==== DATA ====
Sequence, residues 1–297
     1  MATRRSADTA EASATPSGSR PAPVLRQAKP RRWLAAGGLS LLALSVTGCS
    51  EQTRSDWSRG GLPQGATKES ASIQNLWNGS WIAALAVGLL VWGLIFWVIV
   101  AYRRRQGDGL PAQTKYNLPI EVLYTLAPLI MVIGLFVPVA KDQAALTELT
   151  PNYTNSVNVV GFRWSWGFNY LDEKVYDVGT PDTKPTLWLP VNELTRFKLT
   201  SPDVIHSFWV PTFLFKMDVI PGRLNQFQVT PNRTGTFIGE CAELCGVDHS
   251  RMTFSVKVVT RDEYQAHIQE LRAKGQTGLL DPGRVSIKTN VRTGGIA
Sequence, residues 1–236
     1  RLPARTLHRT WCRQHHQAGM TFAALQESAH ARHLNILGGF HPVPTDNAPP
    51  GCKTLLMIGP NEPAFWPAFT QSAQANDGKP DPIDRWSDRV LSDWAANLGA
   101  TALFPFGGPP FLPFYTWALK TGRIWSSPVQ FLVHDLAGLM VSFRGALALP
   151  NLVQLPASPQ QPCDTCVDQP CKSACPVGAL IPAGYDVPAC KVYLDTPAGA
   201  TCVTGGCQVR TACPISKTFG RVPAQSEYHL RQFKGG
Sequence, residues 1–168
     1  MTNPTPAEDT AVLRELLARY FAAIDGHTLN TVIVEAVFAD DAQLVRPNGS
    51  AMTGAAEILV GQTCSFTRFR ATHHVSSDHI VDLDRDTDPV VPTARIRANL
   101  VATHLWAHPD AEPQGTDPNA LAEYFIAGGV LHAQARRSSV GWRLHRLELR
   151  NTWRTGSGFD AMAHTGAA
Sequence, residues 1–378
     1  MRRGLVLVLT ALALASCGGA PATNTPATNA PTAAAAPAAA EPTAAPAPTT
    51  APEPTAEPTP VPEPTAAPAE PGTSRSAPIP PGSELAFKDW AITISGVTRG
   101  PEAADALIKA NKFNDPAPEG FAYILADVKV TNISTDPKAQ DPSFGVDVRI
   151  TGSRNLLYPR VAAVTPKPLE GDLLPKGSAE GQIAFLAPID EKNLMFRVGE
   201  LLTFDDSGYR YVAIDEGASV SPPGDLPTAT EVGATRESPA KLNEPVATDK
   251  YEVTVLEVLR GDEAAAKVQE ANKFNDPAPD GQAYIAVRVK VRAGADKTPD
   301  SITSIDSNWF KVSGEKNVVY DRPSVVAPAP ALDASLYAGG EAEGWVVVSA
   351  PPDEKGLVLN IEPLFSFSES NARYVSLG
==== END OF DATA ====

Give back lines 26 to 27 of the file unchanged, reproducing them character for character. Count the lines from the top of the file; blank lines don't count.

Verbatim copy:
   301  SITSIDSNWF KVSGEKNVVY DRPSVVAPAP ALDASLYAGG EAEGWVVVSA
   351  PPDEKGLVLN IEPLFSFSES NARYVSLG